By Keith Weiner
Explaining a new paradigm can be both simple and impossible at the same time. For example, Copernicus taught that the other planets and Sun do not revolve around the Earth. He said that all the planets revolve around the Sun, including Earth. It isn’t hard to say, and it isn’t especially hard to grasp.
Indeed, one of its virtues was making the universe simpler. In the old geocentric model, there is the phenomenon of so called retrograde motion—the planets appear to stop moving forward in their orbits, and move backwards temporarily. It’s difficult to describe mathematically, and worse, no one could explain the cause.
The hard part of accepting this paradigm shift, was that people had to rethink their entire view of cosmology, theology, and philosophy. In the best case, people take time to grapple with these challenges to their idea of man’s place in the universe. Some never accept the new idea.
Rising Prices Aren’t Intrinsic to the Currency
It is the same with money. The prevailing paradigm—the dollar-centric view—is akin to the Medieval geocentric view. This view is characterized by two premises. One, the dollar is money. And two, the value of money is not defined in terms of gold (which is believed to be just a commodity like oil or wheat). The value of money is defined as the inverse of the general price level. This means: what you can buy is intrinsic to the currency.
We can see this point in action, in almost any article about Venezuela. Nicolás Maduro, their corrupt and inept dictator, has destroyed production of just about everything. And he has rendered it impossible to import or distribute what little they still have. Consumer goods are truly scarce, so of course prices are skyrocketing. But people call this inflation or hyperinflation.
They accept that what you can buy is a property of the currency itself, missing that in Venezuela you can’t buy anything anymore, because of the socialist dictatorship.
Everyone knows that the dollar loses value. The Federal Reserve’s target is to make the dollar lose 2 percent per annum. The dollar goes down, and this is not a bug but a feature.
The Unit of Account
Being money, the dollar is therefore the unit of account. However, this contradicts the fact that the dollar goes down. A unit has to be stable, to be useful to measure anything. So how do people reconcile this contradiction? The dollar is the unit of account, but the dollar is constantly shrinking—i.e. it fails as a unit.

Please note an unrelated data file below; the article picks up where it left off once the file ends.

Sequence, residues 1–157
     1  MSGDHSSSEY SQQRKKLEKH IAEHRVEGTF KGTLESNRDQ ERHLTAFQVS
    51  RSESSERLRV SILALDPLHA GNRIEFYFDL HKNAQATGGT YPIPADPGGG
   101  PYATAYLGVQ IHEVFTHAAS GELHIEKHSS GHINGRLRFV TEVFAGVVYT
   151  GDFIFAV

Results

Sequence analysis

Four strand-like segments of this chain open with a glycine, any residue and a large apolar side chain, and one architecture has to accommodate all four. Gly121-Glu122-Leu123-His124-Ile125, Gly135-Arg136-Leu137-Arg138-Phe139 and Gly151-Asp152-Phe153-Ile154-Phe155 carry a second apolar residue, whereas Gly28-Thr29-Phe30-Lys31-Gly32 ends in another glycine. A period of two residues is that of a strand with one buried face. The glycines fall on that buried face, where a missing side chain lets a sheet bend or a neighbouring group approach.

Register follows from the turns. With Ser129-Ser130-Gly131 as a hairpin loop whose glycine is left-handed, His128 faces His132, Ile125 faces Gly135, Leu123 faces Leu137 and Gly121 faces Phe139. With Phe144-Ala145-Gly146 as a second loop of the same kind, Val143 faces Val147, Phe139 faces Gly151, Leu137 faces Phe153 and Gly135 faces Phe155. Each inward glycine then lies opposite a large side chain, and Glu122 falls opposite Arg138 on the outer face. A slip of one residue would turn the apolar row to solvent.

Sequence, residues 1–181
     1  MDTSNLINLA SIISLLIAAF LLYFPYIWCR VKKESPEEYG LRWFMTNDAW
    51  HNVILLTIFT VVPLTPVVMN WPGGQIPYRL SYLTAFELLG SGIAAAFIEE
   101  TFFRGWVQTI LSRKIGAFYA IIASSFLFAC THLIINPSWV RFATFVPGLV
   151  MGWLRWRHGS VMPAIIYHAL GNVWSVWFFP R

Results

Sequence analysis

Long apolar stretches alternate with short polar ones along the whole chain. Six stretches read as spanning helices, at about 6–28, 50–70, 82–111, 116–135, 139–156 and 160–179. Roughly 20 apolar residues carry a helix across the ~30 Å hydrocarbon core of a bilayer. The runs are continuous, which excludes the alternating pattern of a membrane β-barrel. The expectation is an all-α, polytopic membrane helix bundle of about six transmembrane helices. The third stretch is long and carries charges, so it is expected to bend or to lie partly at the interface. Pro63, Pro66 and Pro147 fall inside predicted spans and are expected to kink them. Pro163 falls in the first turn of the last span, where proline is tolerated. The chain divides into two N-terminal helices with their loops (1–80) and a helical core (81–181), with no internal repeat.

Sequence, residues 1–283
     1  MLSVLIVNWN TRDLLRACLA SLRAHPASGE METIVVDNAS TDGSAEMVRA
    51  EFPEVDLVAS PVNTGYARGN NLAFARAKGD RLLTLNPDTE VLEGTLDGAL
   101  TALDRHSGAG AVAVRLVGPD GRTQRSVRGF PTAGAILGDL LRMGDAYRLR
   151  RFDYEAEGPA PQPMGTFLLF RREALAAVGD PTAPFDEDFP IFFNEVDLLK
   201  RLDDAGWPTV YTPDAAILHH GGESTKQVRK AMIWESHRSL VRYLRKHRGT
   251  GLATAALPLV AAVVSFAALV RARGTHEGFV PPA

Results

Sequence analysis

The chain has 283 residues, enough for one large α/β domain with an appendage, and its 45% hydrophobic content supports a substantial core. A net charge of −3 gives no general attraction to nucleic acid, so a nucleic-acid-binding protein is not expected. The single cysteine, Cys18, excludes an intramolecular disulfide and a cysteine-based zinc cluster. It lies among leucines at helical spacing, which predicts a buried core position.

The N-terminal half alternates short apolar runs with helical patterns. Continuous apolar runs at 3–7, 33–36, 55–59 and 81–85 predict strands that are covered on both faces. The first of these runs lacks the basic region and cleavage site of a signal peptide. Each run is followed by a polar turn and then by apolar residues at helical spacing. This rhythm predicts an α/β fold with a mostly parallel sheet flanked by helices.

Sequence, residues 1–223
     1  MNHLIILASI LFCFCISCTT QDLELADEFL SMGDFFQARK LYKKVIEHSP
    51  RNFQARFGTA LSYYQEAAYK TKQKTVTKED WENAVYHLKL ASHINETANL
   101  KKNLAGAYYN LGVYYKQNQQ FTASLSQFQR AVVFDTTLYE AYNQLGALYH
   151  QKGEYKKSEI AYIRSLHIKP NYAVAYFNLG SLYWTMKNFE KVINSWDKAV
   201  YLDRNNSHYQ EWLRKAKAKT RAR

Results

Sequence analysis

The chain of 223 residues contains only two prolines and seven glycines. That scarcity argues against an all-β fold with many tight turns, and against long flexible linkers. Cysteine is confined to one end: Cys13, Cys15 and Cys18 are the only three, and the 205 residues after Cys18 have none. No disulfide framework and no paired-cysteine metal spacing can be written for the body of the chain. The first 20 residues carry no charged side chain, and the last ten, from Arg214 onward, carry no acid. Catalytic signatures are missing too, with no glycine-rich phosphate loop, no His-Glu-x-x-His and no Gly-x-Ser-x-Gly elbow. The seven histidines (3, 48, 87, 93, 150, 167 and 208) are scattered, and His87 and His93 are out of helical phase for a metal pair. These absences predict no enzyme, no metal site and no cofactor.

Their answer is to try to measure money in terms of prices. They add up the price of apples, oranges, petrol, rent, etc. And they use this consumer price index to define the value of money. They claim to measure the purchasing power of money. Remember that prices are measured in money. So measuring money in terms of prices is circular reasoning.
Anyways, purchasing power enables them to perform a neat trick. It informs them what the exchange rate of two currencies ought to be, based on so called purchasing power parity (PPP). PPP is the exchange rate at which you could trade your dollar for euros or yuan, and buy the same amount of goods in these currencies as you could with your dollar. We would not recommend trading the FX markets based on this notion.
We wonder if they use the purchasing power of the Yuma, AZ dollar or the midtown Manhattan dollar. The former has five to ten times as much power contained inside of it!
We are joking, but there is a serious point. The price you pay for your coffee and breakfast eggs with sausage is obviously dependent on the value of the currency. But it’s also dependent on a whole lot of nonmonetary factors, such as the cost of getting supplies into a dense city on an island. And of course regulations and compliance, taxes and fees, zoning, labor law, building code, etc. It is less expensive—it costs fewer real resources—to operate a store on East Palo Verde Street than it does on Lexington Avenue.
Is the Dollar Money
Now we examine that first premise. Is the dollar money? Consider the gold standard we once had. You could bring a twenty dollar bill to a bank, push it across the counter, and the teller would give you a gold coin. If the world for the paper bank note is “money”, then what is the word for the gold coin?
Since them, the dollar has been made irredeemable. Americans could not redeem their paper bank notes after President Roosevelt’s infamous decree in 1933. Foreign central banks could not redeem theirs after President Nixon’s equally infamous decree in 1971. Now it’s irredeemable, but does that change it into money?